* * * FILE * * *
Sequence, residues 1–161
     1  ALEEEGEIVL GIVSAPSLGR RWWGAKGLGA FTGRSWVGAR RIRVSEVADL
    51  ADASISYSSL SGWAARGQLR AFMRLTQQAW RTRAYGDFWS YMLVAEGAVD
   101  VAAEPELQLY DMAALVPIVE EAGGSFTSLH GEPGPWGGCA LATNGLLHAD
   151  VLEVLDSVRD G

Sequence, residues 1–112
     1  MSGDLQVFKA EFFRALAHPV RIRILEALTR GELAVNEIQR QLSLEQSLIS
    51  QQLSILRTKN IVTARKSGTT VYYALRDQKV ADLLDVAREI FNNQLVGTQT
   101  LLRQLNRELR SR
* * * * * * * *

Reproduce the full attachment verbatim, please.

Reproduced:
Sequence, residues 1–161
     1  ALEEEGEIVL GIVSAPSLGR RWWGAKGLGA FTGRSWVGAR RIRVSEVADL
    51  ADASISYSSL SGWAARGQLR AFMRLTQQAW RTRAYGDFWS YMLVAEGAVD
   101  VAAEPELQLY DMAALVPIVE EAGGSFTSLH GEPGPWGGCA LATNGLLHAD
   151  VLEVLDSVRD G

Sequence, residues 1–112
     1  MSGDLQVFKA EFFRALAHPV RIRILEALTR GELAVNEIQR QLSLEQSLIS
    51  QQLSILRTKN IVTARKSGTT VYYALRDQKV ADLLDVAREI FNNQLVGTQT
   101  LLRQLNRELR SR